- If you’re prone to road rage – which can lead to accidents, speeding tickets, and other moving violations – find a way to work out your anger outside of the car. Start hitting the gym more or pick up a hobby that makes you feel relaxed and fulfilled. Road rage can often be symptomatic of deeper issues, so try to work them out before you get behind the wheel.
Use these tips to become a safer driver – and get your driving records clean again!
When it comes to ordering a driving record online, you want the service to be as quick and painless as possible. After all, you’re probably ordering this driving record because you need to apply for a job or change an error in your DMV report – and you don’t exactly have time to sit around and wait in frustratingly long lines at the Department of Motor Vehicles.
However, the desire to get your driving records as quickly – and cheaply – as possible could leave you vulnerable to driving record frauds. There are plenty of online driving records services out there that promise to deliver you your personal driving records for cheap – but then will charge your credit card an astounding amount of money in a never-ending subscription.
Consumer groups have just caught wind of these groups after similar debacles with credit report companies, which would promise users a “free” credit report, only to secretly charge them a monthly fee just for the privilege. These tricks are usually buried deep within the terms and conditions of the website, but they’re still considered “predatory,” as they’re meant to trick people into opting into a regular subscription.
To avoid falling into this trap when ordering your driving record online, watch out for these warning signs:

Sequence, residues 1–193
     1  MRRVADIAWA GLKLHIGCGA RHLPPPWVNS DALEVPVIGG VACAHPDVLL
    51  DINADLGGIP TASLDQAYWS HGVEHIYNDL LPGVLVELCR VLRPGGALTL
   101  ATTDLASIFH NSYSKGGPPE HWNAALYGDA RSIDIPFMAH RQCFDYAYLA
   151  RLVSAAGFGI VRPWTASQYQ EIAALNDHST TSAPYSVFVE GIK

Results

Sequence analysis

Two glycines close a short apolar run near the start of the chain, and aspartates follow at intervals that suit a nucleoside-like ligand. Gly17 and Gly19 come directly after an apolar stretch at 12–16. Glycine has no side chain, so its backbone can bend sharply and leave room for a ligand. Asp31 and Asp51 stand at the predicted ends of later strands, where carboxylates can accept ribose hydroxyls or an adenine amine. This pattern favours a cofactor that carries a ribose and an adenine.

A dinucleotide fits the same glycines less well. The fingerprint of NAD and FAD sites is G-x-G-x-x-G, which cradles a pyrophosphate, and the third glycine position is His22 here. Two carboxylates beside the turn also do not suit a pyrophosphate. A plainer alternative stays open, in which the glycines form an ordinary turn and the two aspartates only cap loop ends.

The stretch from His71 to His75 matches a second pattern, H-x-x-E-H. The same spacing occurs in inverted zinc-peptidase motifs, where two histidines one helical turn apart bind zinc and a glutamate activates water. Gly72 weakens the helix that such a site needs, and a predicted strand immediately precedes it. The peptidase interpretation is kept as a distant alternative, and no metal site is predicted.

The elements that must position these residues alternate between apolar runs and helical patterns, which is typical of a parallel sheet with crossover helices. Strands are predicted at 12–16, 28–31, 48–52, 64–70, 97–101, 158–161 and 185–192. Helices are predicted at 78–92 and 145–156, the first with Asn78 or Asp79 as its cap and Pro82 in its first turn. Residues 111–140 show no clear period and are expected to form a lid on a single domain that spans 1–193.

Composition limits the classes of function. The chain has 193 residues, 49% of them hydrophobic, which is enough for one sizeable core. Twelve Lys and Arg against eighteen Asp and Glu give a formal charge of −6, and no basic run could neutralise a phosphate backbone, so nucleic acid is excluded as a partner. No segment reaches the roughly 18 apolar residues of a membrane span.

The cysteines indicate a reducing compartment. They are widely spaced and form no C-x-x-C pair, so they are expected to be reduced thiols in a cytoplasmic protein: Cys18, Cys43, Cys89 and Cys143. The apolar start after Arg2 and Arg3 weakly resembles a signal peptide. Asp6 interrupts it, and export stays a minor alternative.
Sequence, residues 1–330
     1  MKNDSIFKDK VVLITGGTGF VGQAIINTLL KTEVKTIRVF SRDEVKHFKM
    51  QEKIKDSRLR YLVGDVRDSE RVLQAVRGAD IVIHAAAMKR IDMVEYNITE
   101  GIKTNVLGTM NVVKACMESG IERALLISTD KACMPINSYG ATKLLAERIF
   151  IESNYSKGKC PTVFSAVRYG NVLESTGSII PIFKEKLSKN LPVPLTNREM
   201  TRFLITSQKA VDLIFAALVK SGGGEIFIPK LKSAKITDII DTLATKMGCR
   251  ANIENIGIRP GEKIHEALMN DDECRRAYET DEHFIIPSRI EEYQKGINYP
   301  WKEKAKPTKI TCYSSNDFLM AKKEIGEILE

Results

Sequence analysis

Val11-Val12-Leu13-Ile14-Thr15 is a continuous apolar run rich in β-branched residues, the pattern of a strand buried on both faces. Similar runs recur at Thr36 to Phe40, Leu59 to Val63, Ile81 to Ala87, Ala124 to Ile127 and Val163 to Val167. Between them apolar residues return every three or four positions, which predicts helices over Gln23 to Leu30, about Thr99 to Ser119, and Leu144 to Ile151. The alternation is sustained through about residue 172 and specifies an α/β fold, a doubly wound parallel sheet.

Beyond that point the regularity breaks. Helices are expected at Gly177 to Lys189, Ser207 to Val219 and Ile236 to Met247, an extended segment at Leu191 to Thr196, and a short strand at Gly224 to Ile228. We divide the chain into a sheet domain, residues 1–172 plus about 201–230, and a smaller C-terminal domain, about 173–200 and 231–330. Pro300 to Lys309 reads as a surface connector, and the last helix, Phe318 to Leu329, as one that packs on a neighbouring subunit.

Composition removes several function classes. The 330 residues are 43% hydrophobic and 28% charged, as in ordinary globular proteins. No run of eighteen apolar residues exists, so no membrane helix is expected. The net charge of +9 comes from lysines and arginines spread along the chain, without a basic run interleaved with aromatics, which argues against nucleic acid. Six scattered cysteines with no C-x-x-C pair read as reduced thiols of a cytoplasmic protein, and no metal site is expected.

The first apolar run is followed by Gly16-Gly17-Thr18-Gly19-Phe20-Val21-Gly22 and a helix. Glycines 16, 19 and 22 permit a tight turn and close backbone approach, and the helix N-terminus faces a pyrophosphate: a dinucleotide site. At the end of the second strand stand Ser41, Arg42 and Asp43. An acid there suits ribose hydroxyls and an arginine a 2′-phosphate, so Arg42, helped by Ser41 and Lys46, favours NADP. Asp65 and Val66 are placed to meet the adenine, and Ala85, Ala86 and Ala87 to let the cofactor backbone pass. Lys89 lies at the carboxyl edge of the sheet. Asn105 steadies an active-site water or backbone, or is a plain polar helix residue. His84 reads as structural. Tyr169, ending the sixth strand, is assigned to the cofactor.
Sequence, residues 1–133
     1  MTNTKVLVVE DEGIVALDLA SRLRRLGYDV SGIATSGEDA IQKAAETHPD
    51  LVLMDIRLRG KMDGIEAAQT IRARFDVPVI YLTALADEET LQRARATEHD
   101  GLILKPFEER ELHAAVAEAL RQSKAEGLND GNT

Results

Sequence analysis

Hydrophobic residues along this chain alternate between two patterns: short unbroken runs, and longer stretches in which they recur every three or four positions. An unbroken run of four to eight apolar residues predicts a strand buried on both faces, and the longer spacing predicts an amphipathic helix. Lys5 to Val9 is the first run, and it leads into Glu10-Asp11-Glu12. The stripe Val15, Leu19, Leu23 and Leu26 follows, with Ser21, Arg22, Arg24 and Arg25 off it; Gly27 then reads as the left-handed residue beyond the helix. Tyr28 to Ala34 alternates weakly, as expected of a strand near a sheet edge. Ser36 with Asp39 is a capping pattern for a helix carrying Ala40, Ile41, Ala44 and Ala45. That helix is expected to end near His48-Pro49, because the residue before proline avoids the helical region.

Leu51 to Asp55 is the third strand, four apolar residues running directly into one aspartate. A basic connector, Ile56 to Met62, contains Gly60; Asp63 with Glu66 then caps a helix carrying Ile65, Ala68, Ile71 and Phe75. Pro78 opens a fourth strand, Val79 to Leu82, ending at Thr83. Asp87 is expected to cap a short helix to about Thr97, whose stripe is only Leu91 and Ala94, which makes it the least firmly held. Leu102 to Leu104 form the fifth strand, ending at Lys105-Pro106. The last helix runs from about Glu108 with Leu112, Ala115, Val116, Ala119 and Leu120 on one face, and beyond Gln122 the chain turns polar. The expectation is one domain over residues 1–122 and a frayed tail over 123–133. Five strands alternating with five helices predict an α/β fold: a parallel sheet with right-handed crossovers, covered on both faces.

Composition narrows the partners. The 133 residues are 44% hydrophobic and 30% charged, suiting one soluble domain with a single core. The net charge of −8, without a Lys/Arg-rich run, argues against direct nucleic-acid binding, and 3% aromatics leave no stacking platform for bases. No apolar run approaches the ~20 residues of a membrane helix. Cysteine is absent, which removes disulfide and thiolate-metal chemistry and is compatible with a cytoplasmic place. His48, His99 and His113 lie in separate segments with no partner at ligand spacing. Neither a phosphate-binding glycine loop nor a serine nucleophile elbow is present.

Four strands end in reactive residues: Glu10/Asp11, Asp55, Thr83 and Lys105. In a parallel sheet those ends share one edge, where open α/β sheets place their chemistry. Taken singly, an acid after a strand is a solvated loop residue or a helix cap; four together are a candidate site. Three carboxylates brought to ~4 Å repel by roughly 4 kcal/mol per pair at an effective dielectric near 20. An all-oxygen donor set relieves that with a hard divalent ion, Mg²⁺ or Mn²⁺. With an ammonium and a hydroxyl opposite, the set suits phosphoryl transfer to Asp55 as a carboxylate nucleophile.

- If something seems too cheap to be true, then it definitely is – especially when it comes to driving records. Services that charge only a $1 for you to see your driving records (like DMV.us.org, for example) are typically making their money through subscriptions, which will be contained deep within the terms and conditions of the site. It usually costs a vendor between $3 to $28 to order a driving record online, so anything less than this is usually indicative of a subscription-based service.
- If another service promises you that you can view someone else’s driving record, you should avoid this service at all costs. You can’t view a driving record without someone’s written permission (usually in the form of a consent form), so any service that promises you otherwise should be reported to consumer agencies immediately.
Remember, if a service seems too good to be true, it usually is. 4SafeDrivers.com is a reputable service that offers real and reliable driving record results that can be sent to you by U.S. mail or to your email inbox. When it comes to driving record searches, use a trusted name – use 4SafeDrivers.com.
While government officials and military personnel are busy hunkering down to prepare for the aftereffects of the recent government cuts, a major entity is discovering that it’s going to get hit hard – and it just might affect your everyday life.